Pets, like people, can sometimes suffer from conditions that require immediate emergency intervention. Our Bartlett vets explain what situations warrant emergency care and what to do when that happens.
Contact your veterinarian or emergency vet clinic immediately
if your pet is having an emergency.
How do I know if my pet needs Emergency Care?
Situations that require emergency care can occur at any time, day or night, and you'll need to be prepared for if - or when - it happens to your pet.
Knowing when your pet is in need of emergency care isn't always obvious, so you'll need to be aware of some signs and symptoms that indicate a trip to the Emergency Vet is necessary. If you're in doubt, contact your vet or emergency vet clinic for help.
Signs of a Pet Emergency
- Uncontrolled bleeding
- Vomiting or blood in diarrhea
- Lameness or inability to walk
- Bloated, swollen or painful abdomen
- Dilated pupils
- Severe injury (falls, car accidents, broken bones, open wounds)
- Unable to deliver puppies or kittens
- Obvious pain
- Loss of balance
- Sudden blindness, staggering or stumbling
- Inflammation or injury to the eye
- Difficulty breathing, extreme coughing or choking
- Inability to urinate or defecate
- Ingestion of poisonous foods, substances, plants, or bones
Basic First Aid
Please be aware that attempting first aid on your pet is not intended to replace veterinary care, it is solely to stabilize your pet for a trip to your vet or emergency clinic.
Start with muzzling your pet. Place a clean gauze pad over the injury, applying pressure with your hand until blood clotting begins (usually several minutes). Severe leg bleeding requires a tourniquet of gauze and an elastic band to secure it, bring your pet to the vet immediately.
Remove objects that may hurt your pet. Do not attempt to restrain them. Keep your pet warm after the seizure is over and phone your vet.
Muzzle your pet. Lay them on a flat surface that can be used as a stretcher to transport them to the vet. Secure them to the stretcher if possible, avoiding the injured area.
Be cautious, your pet may bite out of panic. Look for objects in their mouth and try to remove it if possible, but be careful to not accidentally push the object further into the throat. Don't waste time on this if it's difficult, you could be losing precious time. Bring your pet to the vet immediately.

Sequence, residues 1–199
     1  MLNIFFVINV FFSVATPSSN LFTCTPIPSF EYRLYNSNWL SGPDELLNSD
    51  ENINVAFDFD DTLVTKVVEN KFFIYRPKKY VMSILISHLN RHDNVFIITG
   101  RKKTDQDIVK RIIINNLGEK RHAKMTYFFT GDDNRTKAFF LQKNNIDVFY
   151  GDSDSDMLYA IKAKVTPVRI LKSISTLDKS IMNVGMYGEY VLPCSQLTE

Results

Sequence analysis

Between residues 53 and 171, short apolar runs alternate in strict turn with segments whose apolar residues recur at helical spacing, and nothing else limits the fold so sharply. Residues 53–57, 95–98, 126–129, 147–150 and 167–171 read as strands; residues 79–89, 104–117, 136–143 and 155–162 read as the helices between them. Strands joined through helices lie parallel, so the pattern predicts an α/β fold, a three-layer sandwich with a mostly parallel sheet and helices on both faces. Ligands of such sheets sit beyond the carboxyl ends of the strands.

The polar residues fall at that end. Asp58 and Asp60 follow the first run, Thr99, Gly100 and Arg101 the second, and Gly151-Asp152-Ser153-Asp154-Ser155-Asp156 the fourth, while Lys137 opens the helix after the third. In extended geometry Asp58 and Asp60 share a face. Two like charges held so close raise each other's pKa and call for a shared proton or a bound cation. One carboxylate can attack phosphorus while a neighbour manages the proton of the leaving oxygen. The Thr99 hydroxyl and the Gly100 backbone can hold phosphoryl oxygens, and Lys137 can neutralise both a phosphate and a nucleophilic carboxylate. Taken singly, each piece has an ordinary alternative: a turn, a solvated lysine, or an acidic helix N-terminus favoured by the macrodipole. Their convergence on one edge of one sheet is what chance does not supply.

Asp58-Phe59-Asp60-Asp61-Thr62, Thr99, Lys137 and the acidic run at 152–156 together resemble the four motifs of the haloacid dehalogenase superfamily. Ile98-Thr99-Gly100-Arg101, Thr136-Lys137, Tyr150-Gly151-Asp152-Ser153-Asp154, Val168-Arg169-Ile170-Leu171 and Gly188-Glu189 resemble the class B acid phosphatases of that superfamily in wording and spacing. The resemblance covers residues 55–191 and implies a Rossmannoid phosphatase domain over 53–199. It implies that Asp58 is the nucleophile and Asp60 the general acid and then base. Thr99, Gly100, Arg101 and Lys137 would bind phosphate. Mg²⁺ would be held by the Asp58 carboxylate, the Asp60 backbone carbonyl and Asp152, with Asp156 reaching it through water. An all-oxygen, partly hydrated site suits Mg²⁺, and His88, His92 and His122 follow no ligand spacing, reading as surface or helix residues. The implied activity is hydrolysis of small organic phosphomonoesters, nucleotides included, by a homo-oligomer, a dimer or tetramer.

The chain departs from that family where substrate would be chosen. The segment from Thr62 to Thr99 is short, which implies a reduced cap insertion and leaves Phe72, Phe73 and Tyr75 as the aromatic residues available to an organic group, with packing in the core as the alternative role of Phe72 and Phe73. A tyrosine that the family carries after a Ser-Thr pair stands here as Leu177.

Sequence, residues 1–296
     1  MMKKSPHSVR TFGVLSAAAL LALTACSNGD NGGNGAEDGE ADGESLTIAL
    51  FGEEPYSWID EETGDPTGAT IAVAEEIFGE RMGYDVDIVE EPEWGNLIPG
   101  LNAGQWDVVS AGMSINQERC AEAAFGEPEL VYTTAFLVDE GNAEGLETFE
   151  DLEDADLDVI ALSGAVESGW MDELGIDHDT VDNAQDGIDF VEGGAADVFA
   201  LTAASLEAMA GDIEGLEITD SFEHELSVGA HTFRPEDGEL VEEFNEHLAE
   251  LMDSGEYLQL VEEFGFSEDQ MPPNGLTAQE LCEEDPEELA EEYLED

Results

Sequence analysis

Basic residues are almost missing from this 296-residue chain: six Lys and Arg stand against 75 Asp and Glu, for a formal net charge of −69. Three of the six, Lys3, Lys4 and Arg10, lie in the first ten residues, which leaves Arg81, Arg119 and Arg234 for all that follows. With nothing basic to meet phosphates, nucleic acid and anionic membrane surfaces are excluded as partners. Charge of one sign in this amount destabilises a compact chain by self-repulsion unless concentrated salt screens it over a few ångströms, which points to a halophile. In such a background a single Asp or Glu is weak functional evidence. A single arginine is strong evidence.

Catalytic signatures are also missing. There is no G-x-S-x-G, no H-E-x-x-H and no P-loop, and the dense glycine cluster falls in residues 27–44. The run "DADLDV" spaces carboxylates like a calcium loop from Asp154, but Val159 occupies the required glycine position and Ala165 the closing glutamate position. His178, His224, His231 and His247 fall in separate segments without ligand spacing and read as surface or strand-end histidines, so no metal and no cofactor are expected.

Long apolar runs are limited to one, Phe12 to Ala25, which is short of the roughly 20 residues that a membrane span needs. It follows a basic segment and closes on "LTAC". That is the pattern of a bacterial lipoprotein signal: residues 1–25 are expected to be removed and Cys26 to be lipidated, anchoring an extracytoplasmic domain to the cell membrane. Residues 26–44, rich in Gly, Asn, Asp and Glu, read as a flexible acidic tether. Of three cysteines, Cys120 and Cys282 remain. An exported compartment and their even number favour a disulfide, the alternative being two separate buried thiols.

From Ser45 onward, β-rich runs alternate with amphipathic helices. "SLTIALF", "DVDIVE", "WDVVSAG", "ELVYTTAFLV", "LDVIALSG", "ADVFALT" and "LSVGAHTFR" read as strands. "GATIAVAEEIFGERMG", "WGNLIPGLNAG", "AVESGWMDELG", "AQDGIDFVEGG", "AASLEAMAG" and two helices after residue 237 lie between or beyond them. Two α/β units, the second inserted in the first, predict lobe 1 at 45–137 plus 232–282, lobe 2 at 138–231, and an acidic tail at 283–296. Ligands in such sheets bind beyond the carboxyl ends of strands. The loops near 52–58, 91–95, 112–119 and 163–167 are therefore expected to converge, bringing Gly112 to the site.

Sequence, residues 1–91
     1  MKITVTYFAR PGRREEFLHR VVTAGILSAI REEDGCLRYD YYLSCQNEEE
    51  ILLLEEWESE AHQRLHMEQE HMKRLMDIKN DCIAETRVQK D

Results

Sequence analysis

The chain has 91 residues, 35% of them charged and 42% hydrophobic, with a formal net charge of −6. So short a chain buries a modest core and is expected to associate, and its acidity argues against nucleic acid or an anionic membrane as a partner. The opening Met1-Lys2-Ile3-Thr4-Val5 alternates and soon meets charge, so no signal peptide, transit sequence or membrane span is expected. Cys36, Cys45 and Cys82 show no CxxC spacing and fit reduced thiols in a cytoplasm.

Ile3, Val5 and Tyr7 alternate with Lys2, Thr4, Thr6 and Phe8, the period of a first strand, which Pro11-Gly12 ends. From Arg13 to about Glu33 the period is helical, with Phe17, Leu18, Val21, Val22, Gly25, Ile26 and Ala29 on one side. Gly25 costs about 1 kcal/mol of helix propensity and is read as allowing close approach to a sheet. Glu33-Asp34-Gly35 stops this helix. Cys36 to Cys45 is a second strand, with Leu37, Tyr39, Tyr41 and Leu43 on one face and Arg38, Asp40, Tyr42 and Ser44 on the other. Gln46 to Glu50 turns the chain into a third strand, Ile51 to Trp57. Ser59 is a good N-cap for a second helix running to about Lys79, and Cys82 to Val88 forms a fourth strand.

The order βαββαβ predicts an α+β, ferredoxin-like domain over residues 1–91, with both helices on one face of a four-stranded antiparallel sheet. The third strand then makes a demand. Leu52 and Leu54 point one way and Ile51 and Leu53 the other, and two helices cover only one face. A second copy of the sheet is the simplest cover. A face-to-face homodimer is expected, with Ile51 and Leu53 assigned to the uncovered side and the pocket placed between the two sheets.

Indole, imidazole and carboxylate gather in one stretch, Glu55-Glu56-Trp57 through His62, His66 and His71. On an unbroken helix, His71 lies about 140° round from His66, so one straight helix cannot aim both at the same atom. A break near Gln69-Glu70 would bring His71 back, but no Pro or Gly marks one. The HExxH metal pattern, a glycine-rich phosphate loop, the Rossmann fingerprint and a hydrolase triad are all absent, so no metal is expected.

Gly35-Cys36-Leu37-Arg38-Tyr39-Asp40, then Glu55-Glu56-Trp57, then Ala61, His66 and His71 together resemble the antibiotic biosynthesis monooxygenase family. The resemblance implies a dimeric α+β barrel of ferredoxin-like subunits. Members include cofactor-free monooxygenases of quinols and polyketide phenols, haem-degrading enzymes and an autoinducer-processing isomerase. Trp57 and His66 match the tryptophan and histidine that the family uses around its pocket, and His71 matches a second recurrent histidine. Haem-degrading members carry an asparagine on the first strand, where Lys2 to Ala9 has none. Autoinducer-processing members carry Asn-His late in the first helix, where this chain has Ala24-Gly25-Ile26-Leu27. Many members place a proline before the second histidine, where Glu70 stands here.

What You Should Know in Advance
Our vets recommend preparing and having the following available in case of an emergency:
- The phone number for your vet's office
- The phone number for the closest Emergency Vet Clinic
- The phone number for the Animal Poison Control Center
- Directions to the Emergency Vet Clinic
- Knowledge of basic CPR for pets
- Knowledge of how to stop bleeding
- How to muzzle your dog when he's in pain so he doesn't bite others
Emergency care for your pet can be expensive due to the amount of diagnostic testing, monitoring, and treatment necessary. As a pet owner, it is your responsibility to ensure you can financially care for your pet in a time of crisis.
It might be easier to plan ahead for unforeseeable circumstances with savings set aside for emergencies, or pet insurance plans. Delays in care to avoid emergency fees may put your pet's life at risk, so it's important to take this into consideration when becoming a pet owner.
If your pet is in need of emergency care, please contact our Bartlett Animal Hospital or go to your nearest emergency veterinarian clinic immediately.
Looking for a vet in Memphis?We're always accepting new patients, so contact our veterinary hospital today to book your pet's first appointment.
Related Articles View All
Cats can be stoic creatures and often manage to hide their discomfort when they are sick. Our Bartlett vets share some of the signs and symptoms that indicate your feline friend may be feeling under the weather.
Knowing which plants in your home and garden are toxic to cats could help to safeguard your feline friend's health in an emergency. Today our Bartlett vets share which plants are toxic for cats, and what to do if you notice your cat nibbling on your houseplants.
Head shaking is a common sight at the beach or after a bath, but if your dog is shaking their head often, it can be a serious concern. Here, our Bartlett vets explain why it shouldn't be taken lightly.
Cats can be notoriously picky eaters, but don't assume this is the only reason they're not eating. Our Bartlett vets provide some other common causes and when you should see your vet.